“Oh my god Cassie, is that a plastic water bottle?!” My classmate looked at me with genuine horror. I had forgotten my trusty reusable water bottle on my way out the door in the morning. Apparently, this was a travesty.
I like to think that I’m pretty green. There’s a stack of reusable bags in my car, and they get used most times. I take the bus. I believe wholeheartedly in climate change and worry about its implications. I even study environmental policy.
Yet, if someone asks if I’m an environmentalist, I am taken aback. For me, the idea of being an environmentalist is strung together with words like “hippie” and “tree-hugger”, or statements like “Are you one of those people who doesn’t shower?” It’s an association that’s undesirable and stigmatized. There’s this paradigm, much like my classmate had, that if you’re an environmentalist, you have to give up your life to the cause, or why bother trying? And this is the fundamental problem.
The story of the environmentalist is generally undesirable to most people and this makes it difficult for people to adopt. Being an environmentalist is a catch-22 for those of us (like me) who care about helping the environment, but don’t want the cause to take over their whole life. Those who want to help the environment fear the stigma of being an environmentalist, but we also feel like we aren’t “green” enough to join the environmentalist club. Being green evokes an image of people who own more pairs of Tevas than dress shoes, who flood their Facebook pages with vegan recipe videos, and viewed the Summer of Love in the 60’s as the epitome of humanity. Does this image ring true for you? It does for many, and it’s unfortunate because the story is a false depiction of what it means to help the environment today.
Change takes time and talking about saving the environment isn’t easy. But it’s a conversation we need to have and a story that needs to be told.
The Problem with the Stigma
Choosing to care about the environment can feel overwhelming. Sometimes it feels like whatever you do will never be enough. Opinion articles from The Guardian and The Huffington Post both echo this common stigma of what it means to be green in 2017 and the hypocrisy associated with an eco-friendly lifestyle.
Take biking to work for example. If you bike to work, then you can save gas money, get some exercise, and help our earth breathe a little easier. Seems like a perfect deal, right? But, if you bike to work consistently, you risk (however fallaciously) being known as (and likely made fun of for being) the person who is always commuting by bike and parking it inconveniently in the office. (What a drag!) Or, you might encounter that one person who thinks you’re somehow a “bandwagon environmentalist.” (Spoiler alert: those don’t exist.) Because you’re making an effort, you are always criticized for not trying hard enough. (What a hypocrite!) The idea of becoming an environmentalist – or even a little bit down with being green – seems to be a minefield of uncomfortable social interactions.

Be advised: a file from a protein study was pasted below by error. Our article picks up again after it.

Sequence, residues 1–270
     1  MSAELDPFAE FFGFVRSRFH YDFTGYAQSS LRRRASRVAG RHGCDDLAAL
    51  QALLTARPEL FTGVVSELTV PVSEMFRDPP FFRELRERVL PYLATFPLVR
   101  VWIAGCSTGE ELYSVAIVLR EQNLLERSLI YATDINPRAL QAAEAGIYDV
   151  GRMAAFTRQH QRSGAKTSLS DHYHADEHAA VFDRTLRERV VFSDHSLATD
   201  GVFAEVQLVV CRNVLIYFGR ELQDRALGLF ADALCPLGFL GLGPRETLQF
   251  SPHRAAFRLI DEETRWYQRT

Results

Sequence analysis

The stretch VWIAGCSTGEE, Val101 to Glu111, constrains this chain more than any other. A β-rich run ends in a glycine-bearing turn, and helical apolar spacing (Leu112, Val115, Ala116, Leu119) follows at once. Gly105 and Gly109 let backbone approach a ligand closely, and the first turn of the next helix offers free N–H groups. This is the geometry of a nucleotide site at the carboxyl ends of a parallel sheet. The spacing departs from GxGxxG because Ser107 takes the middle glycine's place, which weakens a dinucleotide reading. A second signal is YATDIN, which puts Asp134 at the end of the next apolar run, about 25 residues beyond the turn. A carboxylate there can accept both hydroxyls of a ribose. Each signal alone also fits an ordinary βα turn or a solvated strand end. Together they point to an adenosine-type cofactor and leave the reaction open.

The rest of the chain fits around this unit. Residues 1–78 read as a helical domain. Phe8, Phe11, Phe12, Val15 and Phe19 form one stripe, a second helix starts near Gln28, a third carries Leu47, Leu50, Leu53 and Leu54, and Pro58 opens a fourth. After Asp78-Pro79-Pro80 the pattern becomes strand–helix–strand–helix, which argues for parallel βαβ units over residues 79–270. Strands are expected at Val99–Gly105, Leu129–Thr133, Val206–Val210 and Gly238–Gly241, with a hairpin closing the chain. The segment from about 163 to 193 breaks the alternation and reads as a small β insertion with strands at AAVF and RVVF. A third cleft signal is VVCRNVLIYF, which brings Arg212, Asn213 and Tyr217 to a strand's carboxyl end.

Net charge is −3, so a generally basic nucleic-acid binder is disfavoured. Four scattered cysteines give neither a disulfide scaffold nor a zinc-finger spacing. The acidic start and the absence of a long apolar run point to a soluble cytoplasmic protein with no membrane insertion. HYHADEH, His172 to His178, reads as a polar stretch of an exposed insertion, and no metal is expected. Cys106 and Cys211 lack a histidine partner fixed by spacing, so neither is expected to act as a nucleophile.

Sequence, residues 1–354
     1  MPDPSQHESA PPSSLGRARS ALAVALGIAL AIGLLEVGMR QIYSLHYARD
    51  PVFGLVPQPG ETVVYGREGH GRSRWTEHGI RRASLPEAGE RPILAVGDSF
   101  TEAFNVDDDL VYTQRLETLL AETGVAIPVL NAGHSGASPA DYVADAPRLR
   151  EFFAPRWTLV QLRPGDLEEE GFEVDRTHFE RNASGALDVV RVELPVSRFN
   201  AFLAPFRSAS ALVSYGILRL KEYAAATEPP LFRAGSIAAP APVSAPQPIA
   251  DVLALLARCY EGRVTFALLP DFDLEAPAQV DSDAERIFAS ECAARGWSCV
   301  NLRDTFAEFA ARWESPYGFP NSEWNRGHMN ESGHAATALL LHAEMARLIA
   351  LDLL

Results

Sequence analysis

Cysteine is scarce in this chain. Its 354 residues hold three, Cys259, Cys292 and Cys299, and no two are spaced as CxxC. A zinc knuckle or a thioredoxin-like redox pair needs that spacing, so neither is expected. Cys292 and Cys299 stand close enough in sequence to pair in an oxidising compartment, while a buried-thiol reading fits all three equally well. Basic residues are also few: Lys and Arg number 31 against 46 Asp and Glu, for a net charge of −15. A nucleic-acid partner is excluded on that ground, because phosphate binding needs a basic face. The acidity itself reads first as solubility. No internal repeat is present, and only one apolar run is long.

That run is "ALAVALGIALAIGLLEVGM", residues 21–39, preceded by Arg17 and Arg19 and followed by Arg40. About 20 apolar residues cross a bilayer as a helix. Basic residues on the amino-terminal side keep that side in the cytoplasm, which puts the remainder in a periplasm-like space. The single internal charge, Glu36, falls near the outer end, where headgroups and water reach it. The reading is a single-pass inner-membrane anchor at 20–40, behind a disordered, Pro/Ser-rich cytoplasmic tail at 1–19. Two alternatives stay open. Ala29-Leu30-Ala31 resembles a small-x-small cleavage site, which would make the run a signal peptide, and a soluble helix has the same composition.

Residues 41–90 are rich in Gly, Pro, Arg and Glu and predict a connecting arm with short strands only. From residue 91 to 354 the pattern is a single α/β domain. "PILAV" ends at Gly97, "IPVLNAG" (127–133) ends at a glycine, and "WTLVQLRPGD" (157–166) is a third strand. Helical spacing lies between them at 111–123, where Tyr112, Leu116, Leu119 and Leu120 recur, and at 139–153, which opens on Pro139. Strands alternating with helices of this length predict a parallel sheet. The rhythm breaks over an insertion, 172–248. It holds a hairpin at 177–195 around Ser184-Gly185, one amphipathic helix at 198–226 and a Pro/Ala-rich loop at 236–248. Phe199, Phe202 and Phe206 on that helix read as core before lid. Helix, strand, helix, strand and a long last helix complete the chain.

Instead, a new story could be told. What if I told you that you already had all of the qualifications to be green? Even better, what if I told you there were no qualifications at all? You’re already greener than you think, and with tiny daily changes, that can be magnified. Take the blog Grist. They fuse witty, sometimes sarcastic commentary with real-world environmental and political news, and make “being green” interesting, accessible, and even trendy. They encourage this idea of everyone participating in environmental change in their own way.
Being green is about everyone making more environmentally-conscious decisions and encouraging the spaces they exist in to do the same by setting an example. One less straw, one less car ride, each step can inspire someone else. And the impact can be tremendous!
‘Leaf’ The Old Story Behind
The story of being green includes everyone – especially you. If there’s one thing we know about stories at Javelina, it is that a powerful, inclusive narrative encourages more involvement and reaches more people. These stories get results. And this story of becoming green is one that is – quite literally – about changing the world. There is no reason for the green movement to feel daunting.
Be the brand ambassadors and influencers for the new story of being green. Try making the small, every day changes you’ve always talked about, like using reusable bottles, shopping local produce, or driving less. Connect with others through local organizations who have community gardens, or more national networks like the Sierra Club. Encourage others to do as you do.
By being part of the change, you will write the new narrative.